Allentown Arena Skips Public Bids

The developer of a planned arena in Allentown, Pa., is raising eyebrows over a decision to forgo a public bidding process.

Hammes Company recently said it plans to invite several qualified general contractors to bid on the $100 million project, but the contract will not be publicly advertised, according to the local Morning Call.

“Hammes Company is initiating a competitive process with multiple qualified general contractors who are able to successfully deliver this unique project type,” Hammes’ Rob Robinson told the paper. “Arena construction is a specialized field that requires a high level of qualifications and expertise.”

The arena will be operated by Allentown Commercial Industrial Development Association and state law usually requires such agencies to allow public bidding on large projects, but it seems there’s an exception in this case.

Because the association’s lease with the owners of the Adirondack Phantoms minor-league hockey team is expected to include an option to purchase the arena after 29 years, the agency doesn’t have to solicit public bids, the Call reported.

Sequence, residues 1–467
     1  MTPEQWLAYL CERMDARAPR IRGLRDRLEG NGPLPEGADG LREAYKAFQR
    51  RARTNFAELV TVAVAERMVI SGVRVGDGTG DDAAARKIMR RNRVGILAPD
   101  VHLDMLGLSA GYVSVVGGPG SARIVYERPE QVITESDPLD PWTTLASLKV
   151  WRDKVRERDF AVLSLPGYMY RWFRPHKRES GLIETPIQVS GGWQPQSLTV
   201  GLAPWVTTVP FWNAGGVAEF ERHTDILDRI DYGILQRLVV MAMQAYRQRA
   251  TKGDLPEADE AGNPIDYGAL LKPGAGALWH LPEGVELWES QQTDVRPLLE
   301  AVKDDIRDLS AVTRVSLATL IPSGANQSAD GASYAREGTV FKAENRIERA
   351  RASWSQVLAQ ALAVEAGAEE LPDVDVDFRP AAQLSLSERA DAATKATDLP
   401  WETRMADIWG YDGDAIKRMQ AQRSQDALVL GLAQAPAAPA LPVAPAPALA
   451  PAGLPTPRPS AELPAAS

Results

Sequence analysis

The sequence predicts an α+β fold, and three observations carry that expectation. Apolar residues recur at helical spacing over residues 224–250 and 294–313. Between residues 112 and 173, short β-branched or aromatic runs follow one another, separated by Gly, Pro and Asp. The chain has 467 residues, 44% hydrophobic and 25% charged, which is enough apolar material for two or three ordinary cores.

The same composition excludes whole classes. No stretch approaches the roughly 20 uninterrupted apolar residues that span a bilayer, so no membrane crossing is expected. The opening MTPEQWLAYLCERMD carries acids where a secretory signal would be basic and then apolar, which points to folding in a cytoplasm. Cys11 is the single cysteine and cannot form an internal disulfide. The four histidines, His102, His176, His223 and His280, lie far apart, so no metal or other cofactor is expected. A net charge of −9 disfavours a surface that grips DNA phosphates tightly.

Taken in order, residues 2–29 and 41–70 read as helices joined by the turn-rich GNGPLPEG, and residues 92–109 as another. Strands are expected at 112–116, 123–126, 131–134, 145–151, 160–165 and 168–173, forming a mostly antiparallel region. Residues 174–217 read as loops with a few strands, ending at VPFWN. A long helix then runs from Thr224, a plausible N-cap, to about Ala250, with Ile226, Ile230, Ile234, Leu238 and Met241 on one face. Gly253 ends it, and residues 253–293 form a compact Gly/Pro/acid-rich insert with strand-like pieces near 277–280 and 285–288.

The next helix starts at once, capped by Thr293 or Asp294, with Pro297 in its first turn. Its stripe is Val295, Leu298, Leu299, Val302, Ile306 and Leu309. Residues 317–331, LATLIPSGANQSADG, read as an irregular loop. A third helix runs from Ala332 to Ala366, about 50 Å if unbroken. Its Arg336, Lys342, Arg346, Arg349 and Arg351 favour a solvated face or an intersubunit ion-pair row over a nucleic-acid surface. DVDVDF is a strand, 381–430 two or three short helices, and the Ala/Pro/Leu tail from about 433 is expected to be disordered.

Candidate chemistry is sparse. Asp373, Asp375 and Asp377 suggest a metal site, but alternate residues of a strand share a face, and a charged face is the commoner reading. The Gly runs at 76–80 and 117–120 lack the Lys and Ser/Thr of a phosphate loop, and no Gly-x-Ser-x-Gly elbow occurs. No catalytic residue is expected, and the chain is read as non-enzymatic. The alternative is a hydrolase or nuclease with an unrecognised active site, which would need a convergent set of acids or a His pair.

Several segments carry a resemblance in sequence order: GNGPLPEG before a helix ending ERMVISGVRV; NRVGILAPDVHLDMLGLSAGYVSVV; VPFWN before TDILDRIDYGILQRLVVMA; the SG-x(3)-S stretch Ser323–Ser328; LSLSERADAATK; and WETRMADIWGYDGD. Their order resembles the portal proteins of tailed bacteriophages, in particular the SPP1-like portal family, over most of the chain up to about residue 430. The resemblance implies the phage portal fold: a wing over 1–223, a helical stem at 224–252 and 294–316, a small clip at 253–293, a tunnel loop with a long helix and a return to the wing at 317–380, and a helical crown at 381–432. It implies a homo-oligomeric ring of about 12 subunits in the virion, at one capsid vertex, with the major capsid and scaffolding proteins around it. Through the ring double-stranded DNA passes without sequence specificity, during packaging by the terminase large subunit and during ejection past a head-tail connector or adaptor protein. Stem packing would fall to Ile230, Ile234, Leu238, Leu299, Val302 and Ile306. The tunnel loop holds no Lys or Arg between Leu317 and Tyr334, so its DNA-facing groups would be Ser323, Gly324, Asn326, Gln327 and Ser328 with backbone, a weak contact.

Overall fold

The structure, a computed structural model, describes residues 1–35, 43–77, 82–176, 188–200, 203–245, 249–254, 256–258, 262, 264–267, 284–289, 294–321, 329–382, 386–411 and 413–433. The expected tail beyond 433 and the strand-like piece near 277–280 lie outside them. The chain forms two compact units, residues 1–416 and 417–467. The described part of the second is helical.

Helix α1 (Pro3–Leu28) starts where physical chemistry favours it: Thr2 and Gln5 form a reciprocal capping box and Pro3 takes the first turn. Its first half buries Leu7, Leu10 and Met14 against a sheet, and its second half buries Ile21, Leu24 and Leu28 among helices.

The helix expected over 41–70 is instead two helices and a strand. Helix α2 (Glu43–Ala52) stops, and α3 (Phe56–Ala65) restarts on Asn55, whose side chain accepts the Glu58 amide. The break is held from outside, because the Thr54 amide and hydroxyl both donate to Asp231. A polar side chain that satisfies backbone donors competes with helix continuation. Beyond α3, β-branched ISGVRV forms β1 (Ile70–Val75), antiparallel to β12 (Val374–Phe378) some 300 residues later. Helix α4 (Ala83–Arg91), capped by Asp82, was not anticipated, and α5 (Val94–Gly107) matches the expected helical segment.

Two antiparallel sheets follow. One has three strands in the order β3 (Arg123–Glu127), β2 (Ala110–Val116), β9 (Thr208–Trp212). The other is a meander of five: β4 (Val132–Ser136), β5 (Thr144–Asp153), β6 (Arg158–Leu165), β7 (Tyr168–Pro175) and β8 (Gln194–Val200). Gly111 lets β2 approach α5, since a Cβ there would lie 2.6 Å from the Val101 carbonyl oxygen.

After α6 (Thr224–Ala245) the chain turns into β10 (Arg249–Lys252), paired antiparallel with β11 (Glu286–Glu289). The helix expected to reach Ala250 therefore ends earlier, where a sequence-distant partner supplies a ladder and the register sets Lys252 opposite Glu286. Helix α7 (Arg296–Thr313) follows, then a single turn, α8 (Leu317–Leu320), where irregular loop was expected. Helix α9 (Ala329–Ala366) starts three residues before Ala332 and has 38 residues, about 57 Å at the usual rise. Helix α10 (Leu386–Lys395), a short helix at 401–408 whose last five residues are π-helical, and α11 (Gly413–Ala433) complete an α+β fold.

City and state officials are apparently OK with a closed bidding process, as the project is “specialized” and it is in Hammes’ best interest to hire qualified firms that will complete the job under budget and on schedule.

But government watchdog groups have called foul on the process, questioning whether taxpayers will get taken to the cleaners.

“We are talking about a $100 million project for an arena owned by a governmental entity, but the original bidding for the general contractor was closed?” Common Cause’s Barry Kauffman told the Call. “It seems to me, at a minimum, it is in the public interest to put these things out for public bidding so the taxpayer can be assured they are getting the highest value for the money.”

The arena is scheduled to be completed by fall 2013.